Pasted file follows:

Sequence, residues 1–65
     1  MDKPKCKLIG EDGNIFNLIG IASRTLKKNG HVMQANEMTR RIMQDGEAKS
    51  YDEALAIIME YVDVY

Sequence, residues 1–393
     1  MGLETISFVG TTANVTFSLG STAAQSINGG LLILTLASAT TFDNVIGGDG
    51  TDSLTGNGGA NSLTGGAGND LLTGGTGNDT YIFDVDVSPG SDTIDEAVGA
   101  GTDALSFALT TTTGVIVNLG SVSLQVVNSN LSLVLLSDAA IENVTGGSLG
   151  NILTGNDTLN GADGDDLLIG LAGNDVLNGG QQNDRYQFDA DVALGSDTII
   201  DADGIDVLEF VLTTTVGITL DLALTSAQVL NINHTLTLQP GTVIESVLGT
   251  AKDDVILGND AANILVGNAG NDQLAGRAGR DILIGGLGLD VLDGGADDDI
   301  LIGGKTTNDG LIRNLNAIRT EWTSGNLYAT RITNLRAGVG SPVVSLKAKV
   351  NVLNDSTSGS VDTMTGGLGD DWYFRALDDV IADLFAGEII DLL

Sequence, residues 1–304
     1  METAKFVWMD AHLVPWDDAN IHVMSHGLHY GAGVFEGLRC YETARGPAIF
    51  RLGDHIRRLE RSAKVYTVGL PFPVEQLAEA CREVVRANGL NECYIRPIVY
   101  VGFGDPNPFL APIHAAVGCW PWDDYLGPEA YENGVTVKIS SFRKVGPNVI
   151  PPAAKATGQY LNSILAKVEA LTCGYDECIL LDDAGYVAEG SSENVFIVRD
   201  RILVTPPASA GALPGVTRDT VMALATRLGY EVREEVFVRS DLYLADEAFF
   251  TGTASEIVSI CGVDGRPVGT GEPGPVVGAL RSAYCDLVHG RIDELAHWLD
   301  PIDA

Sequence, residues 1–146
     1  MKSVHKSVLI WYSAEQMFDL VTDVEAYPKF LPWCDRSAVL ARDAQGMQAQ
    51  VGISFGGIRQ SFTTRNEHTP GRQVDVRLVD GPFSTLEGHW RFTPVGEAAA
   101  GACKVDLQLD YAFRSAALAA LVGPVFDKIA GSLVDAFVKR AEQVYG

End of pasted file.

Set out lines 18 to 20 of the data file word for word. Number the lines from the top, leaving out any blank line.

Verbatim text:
   201  RILVTPPASA GALPGVTRDT VMALATRLGY EVREEVFVRS DLYLADEAFF
   251  TGTASEIVSI CGVDGRPVGT GEPGPVVGAL RSAYCDLVHG RIDELAHWLD
   301  PIDA